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Django 1.8 Tutorial – 4. Integrating the Default Login Screens, Adding HTML Email

So, I started implementing the Django provided user login screens yesterday and it was requiring a ton of reading to get the different parts working. It seems so simple, from the outside, but all the configuration options made it seem more difficult than it really is.

In the attached file, a few of the old configs and views have been deleted, but I’m not going to cover that here. Just do diffs between the contents of the attached tgz files to see the differences.

Create a file in your global templates, templates/registration/login.html:

{% extends "base.html" %}

{% block content %}

{% if form.errors %}
<p>Your username and password didn't match. Please try again.</p>
{% endif %}

<form method="post" action="{% url 'django.contrib.auth.views.login' %}">
{% csrf_token %}
    <td>{{ form.username.label_tag }}</td>
    <td>{{ form.username }}</td>
    <td>{{ form.password.label_tag }}</td>
    <td>{{ form.password }}</td>

<input type="submit" value="login" />
<input type="hidden" name="next" value="{{ next }}" />

<a href="{% url 'password_reset' %}">forgot password?</a>

{% endblock %}

In settings.py, set this value to the page they go to after they log in. Here’s mine.


There are ways to override this, so you can redirect to the correct page in the event they started logging in from a different page.

Then, you need to copy all the files in the admin templates included with the django package. If you’re using a virtualenv, copy them from the directory that looks like the path below.


Edit each file to work with your site. The general pattern I used was to change the ‘extend’ statement to extend “base.html”, and removed blocks that didn’t exist in my template.

This is going to take a while. Once you’re done with this tutorial, you should have ten separate templates in registration. So, set aside at least a day to implement just the HTML for login and password reset and changing.

While you’re editing this, you may want to know what the URLs are. Here’s a link to the sources.

Email Configuration
The default email sever is the localhost, and you’re probably not running a mail server, so you need to configure email. My configuration looks like below – SSL, and no authentication:

EMAIL_HOST = 'mail.example.com'
# commented settings below

This server happens to also host my email, so the round trip is quick.

Sending HTML Emails

The default password reset form uses EmailMultiAlternatives, which allows for multipart emails with HTML and text alternatives, and the password_reset view supports a text email template and an HTML email template, but it’s not enabled by default. The HTML email template is a little tricky to enable.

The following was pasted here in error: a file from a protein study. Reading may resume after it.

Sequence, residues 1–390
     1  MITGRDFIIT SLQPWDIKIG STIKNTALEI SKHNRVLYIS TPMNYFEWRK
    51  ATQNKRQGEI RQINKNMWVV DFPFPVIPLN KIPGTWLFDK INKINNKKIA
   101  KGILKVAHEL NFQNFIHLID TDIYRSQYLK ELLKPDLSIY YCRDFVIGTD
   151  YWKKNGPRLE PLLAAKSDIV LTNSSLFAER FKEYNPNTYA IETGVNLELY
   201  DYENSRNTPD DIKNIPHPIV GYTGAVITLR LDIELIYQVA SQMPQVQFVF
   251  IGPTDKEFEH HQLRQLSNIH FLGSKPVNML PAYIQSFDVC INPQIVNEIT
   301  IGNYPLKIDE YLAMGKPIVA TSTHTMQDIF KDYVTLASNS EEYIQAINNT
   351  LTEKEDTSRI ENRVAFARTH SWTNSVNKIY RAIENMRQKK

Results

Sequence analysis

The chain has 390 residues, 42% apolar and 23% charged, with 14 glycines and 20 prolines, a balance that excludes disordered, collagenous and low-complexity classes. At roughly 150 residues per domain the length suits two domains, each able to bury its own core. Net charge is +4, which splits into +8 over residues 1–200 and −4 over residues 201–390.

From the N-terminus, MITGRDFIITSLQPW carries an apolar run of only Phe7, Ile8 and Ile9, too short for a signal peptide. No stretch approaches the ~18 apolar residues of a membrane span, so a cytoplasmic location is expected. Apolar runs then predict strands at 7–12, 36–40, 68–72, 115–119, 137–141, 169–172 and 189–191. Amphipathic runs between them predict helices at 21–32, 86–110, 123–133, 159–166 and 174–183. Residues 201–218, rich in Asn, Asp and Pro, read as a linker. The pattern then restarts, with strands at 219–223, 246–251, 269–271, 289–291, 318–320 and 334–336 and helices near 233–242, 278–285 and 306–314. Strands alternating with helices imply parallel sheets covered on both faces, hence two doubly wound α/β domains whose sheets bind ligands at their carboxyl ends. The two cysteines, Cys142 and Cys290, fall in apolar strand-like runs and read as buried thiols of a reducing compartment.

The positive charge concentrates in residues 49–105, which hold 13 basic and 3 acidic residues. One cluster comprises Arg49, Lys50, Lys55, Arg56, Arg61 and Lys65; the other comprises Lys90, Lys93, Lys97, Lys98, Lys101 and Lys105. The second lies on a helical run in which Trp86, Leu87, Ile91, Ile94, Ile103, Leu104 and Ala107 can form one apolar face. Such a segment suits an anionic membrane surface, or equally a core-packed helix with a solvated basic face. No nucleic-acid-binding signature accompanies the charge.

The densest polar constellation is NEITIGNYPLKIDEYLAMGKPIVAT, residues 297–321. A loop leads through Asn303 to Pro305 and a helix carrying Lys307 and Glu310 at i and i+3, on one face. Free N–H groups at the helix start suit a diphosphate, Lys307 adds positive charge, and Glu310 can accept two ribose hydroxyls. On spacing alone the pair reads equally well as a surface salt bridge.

First, you need to pass the a parameter named ‘html_email_template_name’ to the password_reset view. If you’re using the django.contrib.auth.urls instead of manually setting up the URLs, you need to override one url, accounts/password_reset/.

To do this, you need to define a url regex for that before the inclusion of the canned urls. The urlpatterns in urls.py should look like this:

from django.conf.urls import include, url
from django.contrib import admin
import comment.urls
from django.contrib.auth.views import password_reset

urlpatterns = [
    url(r'^c/', include(comment.urls)),
    url(r'^admin/', include(admin.site.urls)),
    url(r'^accounts/', include('django.contrib.auth.urls')),

The router reads the urlpatterns from first to last, dispatching to the first match. So it’ll match accounts/password_reset, and call it with the additional named parameter.

Create the file registration/password_reset_email_html.html. This is an HTML version of the default template:

{% load i18n %}{% autoescape off %}
<table cellpadding="5">
            <font family="Arial">
{% blocktrans %}You're receiving this email because you requested a password reset for your user account at {{ site_name }}.{% endblocktrans %}
<br />
<br />
{% trans "Please go to the following page and choose a new password:" %}
<br />
{% block reset_link %}
<a href="{{ protocol }}://{{ domain }}{% url 'password_reset_confirm' uidb64=uid token=token %}">{{ protocol }}://{{ domain }}{% url 'password_reset_confirm' uidb64=uid token=token %}</a>
{% endblock %}
<br />
<br />
{% trans "Your username, in case you've forgotten:" %} {{ user.get_username }}
<br />
<br />
{% trans "Thanks for using our site!" %}
<br />
<br />
{% blocktrans %}The {{ site_name }} team{% endblocktrans %}
<br />
{% endautoescape %}

The layout being used is a “table layout”, which was common in the late 90s and early 2000s, before better support for CSS in email. CSS in email is still a problem, and coders still use tables. You can look it up.

When you test the format, you can usually switch between HTML and plain text email via a menu item.

Class Based Views? Nope

If you look at the sources, you’ll notice that this part of the application is largely lifted from the admin, and it’s written in the old style, with function-based-views.

Consequently, it is a little easier to override the default behavior – you copy the code and alter it. The problem, of course, is that this is a brittle technique. Class based views are harder to learn, but easier to modify. Theoretically, the code is more reusable, but I’m not entirely convinced of that. Given these trade-offs, if I were going to reimplement one of the auth views, I’d probably use the View classes.


Right now, we’re at 595 lines of code across 27 files. So, it’s not a lot of code, but it’s a lot of files. In UX terms, it’s around 12 or 13 screens or panes on a storyboard. So, it’s worth using Django’s default authentication pages.

Attachment Size
minimal4.tgz 16.04 KB